• To develop and assess the validity of a tentative conceptual framework that governs an investigation into the relationships of learning among organization, teachers and students.
  • To verify these relationships in developing regions such as Hong Kong and Taiwan for future comparison with studies done in developed countries so that universal as well as particularistic patterns may be identified.
  • To contribute to our knowledge base on the critical linkage between school transformation and its performance.
  • To provide professional consultancy to schools in the transitional stage of increasing its inner capacity for change.

Promoting the use of quality practices in the manufacturing industry in Malaysia: initiatives, barriers and solutions

Chee-Peng Lim, Dr Zalina Abdul-Aziz and Dr Kim-Hua Tan
University of Science Malaysia and University of Cambridge

The main focus of this project is to promote the use of quality practices for process/product design, improvement, and control in the manufacturing industries in Malaysia.  Four local SMI/SME and one MNC organisations have participated in this project. Guidesheets on quality tools and techniques, especially in Design of Experiments (DOEs), for various levels of workforce in a manufacturing company have been prepared (see ). Innovative software prototypes that incorporate quality techniques (e.g. Failure Mode and Effects Analysis (FMEA), Response Surface Methodology, Randomized Complete Block Design) and soft computing technologies (e.g. artificial neural network models and fuzzy logic) have been developed. In addition, research into the use of concept and mind maps for the teaching of DOE has been conducted.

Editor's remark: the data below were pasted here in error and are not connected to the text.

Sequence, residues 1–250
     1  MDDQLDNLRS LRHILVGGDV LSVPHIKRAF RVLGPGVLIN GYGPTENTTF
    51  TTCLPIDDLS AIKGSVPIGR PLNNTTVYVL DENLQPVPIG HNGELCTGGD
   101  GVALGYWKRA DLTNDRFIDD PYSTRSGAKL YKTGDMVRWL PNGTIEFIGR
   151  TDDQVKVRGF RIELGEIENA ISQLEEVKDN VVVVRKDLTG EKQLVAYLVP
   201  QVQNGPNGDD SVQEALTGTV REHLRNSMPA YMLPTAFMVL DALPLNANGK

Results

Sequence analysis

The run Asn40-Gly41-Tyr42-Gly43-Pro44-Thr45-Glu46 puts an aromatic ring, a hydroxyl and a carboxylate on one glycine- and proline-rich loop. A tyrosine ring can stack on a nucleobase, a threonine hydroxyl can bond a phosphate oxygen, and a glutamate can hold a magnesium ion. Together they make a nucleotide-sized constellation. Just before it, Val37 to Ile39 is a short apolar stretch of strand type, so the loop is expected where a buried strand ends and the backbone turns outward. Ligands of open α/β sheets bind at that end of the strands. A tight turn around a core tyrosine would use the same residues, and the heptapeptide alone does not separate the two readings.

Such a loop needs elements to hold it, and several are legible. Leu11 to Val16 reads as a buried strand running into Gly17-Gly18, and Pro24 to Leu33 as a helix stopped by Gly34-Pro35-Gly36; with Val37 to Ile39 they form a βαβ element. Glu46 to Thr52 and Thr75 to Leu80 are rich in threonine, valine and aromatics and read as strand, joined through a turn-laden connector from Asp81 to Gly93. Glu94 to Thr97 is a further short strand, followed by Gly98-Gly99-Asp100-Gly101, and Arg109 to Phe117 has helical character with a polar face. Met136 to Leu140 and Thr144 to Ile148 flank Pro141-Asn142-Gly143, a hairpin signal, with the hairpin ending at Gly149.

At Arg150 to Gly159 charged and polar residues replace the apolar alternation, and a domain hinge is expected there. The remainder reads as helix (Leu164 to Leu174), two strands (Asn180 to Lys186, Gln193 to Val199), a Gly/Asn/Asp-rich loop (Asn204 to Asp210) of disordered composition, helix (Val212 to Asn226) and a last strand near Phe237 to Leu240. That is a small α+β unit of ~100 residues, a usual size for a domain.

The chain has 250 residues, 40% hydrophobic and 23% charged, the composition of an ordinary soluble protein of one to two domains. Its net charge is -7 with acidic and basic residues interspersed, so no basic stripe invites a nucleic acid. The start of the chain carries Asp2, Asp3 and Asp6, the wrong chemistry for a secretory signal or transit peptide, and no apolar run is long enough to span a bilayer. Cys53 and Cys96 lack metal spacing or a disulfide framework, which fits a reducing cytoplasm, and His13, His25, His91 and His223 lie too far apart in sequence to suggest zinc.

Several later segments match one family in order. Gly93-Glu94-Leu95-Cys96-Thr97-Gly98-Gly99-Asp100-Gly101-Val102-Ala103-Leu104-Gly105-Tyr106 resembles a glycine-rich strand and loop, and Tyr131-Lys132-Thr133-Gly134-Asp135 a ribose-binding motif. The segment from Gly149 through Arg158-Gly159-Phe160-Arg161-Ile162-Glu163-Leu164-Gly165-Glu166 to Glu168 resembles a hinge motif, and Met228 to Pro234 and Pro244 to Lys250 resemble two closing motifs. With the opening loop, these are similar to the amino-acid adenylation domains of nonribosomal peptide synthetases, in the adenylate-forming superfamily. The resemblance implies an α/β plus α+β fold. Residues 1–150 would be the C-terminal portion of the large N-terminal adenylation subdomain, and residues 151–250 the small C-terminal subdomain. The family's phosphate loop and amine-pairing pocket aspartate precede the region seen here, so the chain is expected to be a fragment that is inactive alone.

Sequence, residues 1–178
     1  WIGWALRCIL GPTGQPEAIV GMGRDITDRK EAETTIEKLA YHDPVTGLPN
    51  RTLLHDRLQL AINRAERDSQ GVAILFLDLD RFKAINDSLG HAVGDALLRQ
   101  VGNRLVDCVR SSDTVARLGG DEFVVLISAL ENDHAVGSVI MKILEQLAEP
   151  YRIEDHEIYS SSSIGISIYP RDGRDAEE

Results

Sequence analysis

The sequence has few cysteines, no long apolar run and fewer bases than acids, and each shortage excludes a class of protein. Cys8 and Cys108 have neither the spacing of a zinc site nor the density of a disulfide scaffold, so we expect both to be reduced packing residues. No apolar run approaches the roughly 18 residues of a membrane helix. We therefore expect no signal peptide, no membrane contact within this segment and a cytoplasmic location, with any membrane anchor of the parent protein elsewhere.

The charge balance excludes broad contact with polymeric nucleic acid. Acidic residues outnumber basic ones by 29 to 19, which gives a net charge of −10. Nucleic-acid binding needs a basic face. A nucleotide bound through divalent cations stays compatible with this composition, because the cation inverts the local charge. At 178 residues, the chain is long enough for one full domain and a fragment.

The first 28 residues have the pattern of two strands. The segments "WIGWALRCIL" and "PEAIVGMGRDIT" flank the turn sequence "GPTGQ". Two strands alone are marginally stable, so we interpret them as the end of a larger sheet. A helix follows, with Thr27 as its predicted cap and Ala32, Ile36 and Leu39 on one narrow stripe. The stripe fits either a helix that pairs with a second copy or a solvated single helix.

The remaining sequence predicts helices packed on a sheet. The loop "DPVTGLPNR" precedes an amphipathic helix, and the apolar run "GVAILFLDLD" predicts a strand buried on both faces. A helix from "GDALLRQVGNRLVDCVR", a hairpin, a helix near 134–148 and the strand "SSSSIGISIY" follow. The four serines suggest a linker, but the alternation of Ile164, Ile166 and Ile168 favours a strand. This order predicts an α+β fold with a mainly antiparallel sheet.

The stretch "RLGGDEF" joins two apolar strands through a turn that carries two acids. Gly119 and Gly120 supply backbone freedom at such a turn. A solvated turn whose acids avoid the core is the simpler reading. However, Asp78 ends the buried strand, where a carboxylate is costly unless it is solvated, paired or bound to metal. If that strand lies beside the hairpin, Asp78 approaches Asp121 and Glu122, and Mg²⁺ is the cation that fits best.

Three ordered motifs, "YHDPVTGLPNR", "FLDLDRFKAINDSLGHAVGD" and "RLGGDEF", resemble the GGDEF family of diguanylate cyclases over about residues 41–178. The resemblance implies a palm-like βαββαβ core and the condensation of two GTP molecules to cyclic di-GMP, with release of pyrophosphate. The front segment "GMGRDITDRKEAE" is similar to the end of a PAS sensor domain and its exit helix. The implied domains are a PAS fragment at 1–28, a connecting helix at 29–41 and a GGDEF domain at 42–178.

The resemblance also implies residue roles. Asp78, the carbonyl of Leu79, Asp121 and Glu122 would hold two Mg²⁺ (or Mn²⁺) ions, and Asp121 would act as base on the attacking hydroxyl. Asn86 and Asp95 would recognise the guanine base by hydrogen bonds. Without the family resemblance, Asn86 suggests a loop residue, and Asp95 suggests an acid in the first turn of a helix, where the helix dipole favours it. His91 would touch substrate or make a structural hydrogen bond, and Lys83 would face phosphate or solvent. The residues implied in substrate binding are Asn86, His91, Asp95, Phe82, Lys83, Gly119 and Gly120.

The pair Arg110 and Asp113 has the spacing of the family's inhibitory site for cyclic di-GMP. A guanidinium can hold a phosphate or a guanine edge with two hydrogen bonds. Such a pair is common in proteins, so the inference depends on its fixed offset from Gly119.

A total of five graduate students and more than ten undergraduate students have been trained in various domains of quality practices, and also integration of quality tools and techniques with soft computing technologies for implementation in the manufacturing industries.  To disseminate the research results, eight technical papers have been published in international conference proceedings and journals, including "" (in the International Journal of Quality and Reliability Management). In summary, the project has been completed successfully.

Comparative analysis of international copyright law applicable to university scholarship

Kenneth D. Crews and Jacque Ramos, Indiana University School of Law, Indianapolis

The management of intellectual property rights to scholarly works created at universities must begin with a fundamental understanding of the general principles of copyright law. This chart summarizes portions of copyright statutes from eleven countries for the purpose of concisely communicating critical elements of the law to all members of the scholarly communication chain: authors, institutions, and publishers.

This project is integral to the advancement of the "Zwolle Principles", a multinational initiative of the Surf Foundation of Utrecht, the Netherlands. The Zwolle Group seeks to promote more constructive understandings of copyright law as applied to the creation and publication of scholarly works by universities and other institutions of higher education. More information about the undertaking is available at

This study focuses on the copyright law of countries most closely associated with the Zwolle project. Laws of other countries may be added in the future. The selection of specific aspects of copyright law centers on provisions most relevant to the creation, acquisition, management, and publication of scholarly works – most notably journal articles, books, and other traditional works. Thus, the laws surveyed here encompass fundamentals essential to understanding copyright, as well as provisions specifically applicable to scholarship and the work of universities.

The latest on this project can be found at